MUDVILLE (NP) - There is no joy to be found here today, as the Mudville Nine fell 4-2 to the Anta Gonists in heart-wrenching fashion yesterday afternoon.
The Nine attempted a valiant comeback with two outs in the bottom of the ninth when the light-hitting Flynn and the oft-maligned Jimmy Blake managed to notch a single and a double, respectively—bringing Mudville's heralded slugger, M. Casey, to the plate with the tying run just 180 feet away.
Newly energized by the turn of events, the 5,000 Mudville faithful still in attendance made their presence known.
"Everyone started shouting and cheering," one Mudville fan in attendance said. "We were sure that, with Casey at the bat, our team could win it."
Alas, it was not meant to be.
The Gonists' (henceforth known as the antagonists) pitcher (1-0, 2.00 ERA) was able to sneak an 0-2 fastball past the gargantuan swing of Casey for strike three—dashing the hopes of Mudville fans, both young and old.
"My children haven't been the same since the game—they haven't even been screaming and shouting," stated one concerned Mudville mother.
Casey's at-bat was not without controversy, however. The umpire's strike calls on the first two pitches were greeted with a cacophany of boos and catcalls from the upset Mudville fans.
When asked about the particularly suspect first strike, Casey merely said, "That [pitch] ain't my style."
The umpire was not available for comment.
Not very elegant, is it?
Ernest Thayer's iconic poem "Casey at the Bat" didn't focus on what happened in the 8 1/2 innings prior to this story beginning, nor did he inform us as to how the six runs in the game were scored.
Obviously, the game never actually happened, but that is beside the point—the focus of the verse was the overconfident hero, the Mighty Casey, and how he let the Mudville fans down.
Baseball has a way of immortalizing the heroes (and antiheroes) of years past—a legacy that no other sport can claim. Indeed, most baseball fans know of the original Home Run King, the transgressions of the 1919 White Sox, the dominance of the New York franchises for decades, the "Say Hey Kid," and the enigma that was Teddy Ballgame.
They know who the "luckiest man in the world" is, the man who uttered Confucious-like phrases, such as "If you come to a fork in the road, take it,", that "The Giants win the pennant!," the importance of a 56-game streak, and the courage and determination (not to mention ability) of the first man to break the color barrier.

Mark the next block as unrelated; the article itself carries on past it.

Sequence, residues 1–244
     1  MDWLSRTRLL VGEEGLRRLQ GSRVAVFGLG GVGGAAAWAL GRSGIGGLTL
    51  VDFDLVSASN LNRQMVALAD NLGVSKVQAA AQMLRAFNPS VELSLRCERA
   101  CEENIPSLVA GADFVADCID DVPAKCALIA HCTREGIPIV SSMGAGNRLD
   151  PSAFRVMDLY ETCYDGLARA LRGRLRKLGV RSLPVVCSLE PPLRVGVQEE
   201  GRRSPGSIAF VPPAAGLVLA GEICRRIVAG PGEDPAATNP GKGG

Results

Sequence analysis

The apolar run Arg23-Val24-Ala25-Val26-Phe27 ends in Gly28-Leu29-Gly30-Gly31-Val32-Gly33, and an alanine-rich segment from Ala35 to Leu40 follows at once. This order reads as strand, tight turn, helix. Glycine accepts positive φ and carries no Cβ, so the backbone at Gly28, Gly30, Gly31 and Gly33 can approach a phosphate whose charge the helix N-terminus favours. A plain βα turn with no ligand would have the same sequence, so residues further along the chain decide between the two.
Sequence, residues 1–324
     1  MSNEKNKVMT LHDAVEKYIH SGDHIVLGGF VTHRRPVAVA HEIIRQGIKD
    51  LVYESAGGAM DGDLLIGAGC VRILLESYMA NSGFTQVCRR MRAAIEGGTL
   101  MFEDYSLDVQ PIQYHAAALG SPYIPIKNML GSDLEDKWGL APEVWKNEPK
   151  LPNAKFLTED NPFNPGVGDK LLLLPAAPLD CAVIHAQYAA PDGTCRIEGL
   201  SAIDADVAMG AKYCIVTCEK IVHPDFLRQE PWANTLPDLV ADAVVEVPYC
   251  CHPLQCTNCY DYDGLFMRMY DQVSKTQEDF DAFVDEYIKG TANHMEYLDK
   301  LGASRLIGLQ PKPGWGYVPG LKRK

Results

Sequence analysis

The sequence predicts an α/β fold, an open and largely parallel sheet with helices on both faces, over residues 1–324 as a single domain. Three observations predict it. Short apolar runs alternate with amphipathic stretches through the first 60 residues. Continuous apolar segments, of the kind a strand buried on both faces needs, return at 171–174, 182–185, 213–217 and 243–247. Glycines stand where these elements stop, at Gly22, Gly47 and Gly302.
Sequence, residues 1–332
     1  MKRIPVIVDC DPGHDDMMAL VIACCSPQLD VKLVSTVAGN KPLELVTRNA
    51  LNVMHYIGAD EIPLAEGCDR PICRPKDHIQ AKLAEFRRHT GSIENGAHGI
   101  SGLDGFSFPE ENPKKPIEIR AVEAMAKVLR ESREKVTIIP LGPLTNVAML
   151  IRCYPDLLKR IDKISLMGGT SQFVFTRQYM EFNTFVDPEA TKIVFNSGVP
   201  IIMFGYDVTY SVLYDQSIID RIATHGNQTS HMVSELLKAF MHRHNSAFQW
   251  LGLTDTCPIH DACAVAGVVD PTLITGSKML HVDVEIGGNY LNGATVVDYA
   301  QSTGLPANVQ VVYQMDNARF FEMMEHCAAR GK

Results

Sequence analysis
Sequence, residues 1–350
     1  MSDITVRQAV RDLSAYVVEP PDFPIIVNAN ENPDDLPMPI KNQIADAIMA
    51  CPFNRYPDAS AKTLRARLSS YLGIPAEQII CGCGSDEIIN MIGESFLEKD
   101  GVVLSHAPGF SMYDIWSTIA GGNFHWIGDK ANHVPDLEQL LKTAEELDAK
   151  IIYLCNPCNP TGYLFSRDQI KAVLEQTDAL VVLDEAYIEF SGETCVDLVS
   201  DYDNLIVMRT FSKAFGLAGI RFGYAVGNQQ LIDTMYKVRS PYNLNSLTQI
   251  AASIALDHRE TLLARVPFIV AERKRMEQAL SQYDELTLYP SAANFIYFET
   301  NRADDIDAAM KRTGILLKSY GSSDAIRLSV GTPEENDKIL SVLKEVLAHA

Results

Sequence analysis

With apologies to diehard football and basketball fans, such legacies cannot be found in those sports, at least not nearly on the same scale as baseball.
It is no mistake that baseball is called "The American Game," as baseball has been an integral part of our own American culture.
The game founded by Alexander Cartwright (NOT Abner Doubleday) has been immortalized in many movies & books— 8 Men Out, Pride of the Yankees, Bull Durham, A League of Their Own, and The Natural, just to name a few.
Yet it now seems that baseball, at least the Major League version of it, is on the decline in popularity—so much so that one of the top baseball 'heroes' of the last 25 years is Roy Hobbs, a.k.a. The Natural, who unfortunately is a fictional character.
Recently, it feels that the flow of baseball has shifted.
No longer do we seek to create heroes, or watch legends surge to the Hall of Fame—rather, it appears that there is more of an obsession on destroying and disparaging the men who dazzled us with their ability, skill, power, and knowledge of the game.
There are those in the media that lament the lack of players such as Gehrig, Ruth, Feller, Williams, and Mays in today's game—completely unaware that there are players who are those kinds of players in today's game.
Names such as Rodriguez, Ripken, Bonds, Clemens, Pujols, and Griffey come to mind.
However, it seems that the media's focus is not acknowledging these players, but rather with tearing them down—creating disappointments out of our contemporary legends, all in the name of finding the "cheaters" and "liars."
Why is there such a huge focus on this? Is it really necessary for Congress to be involved in this investigation?
I submit that the answer is "no". Baseball is a pastime, not a matter requiring the materials and attention of the government.
Are there those in baseball that cheated and should be punished? Certainly.
Do these same people warrant character assassination, federal charges, and tell-all books regarding their personal lives? Certainly not.
Beyond this, we shouldn't be so pessimistic in regards to the titans of today—when you intently search for failures or shortcomings, you will usually find them. Expecting the worst just creates a habitat of distrust for anything remarkable.
Regardless, the steroid accusation train chugs on, seeking to demolish any phenomenal season, fantastic performance, or legendary player—and the next station is Albert Pujols (I don't think he has, but there is now more speculation than ever before).
The complaints of the media are that "there are no more role models in today's game," ignorant of the fact that players aren't role-models for kids—they are heroes—not examples of how to live.
We need to be concious of the players that have personified and shaped this current age—the Golden Age has passed, and there is no sense in lamenting for it. There is also no sense in letting this current period in baseball be forever known as the "Steroid Era."
Men such as Roy Hobbs are embraced nowadays. While Hobbs had a great story, keep in mind that he is fictional.
Until we appreciate today's actual players for what they've done in the game, not off the field, there will never be any joy in Mudville.
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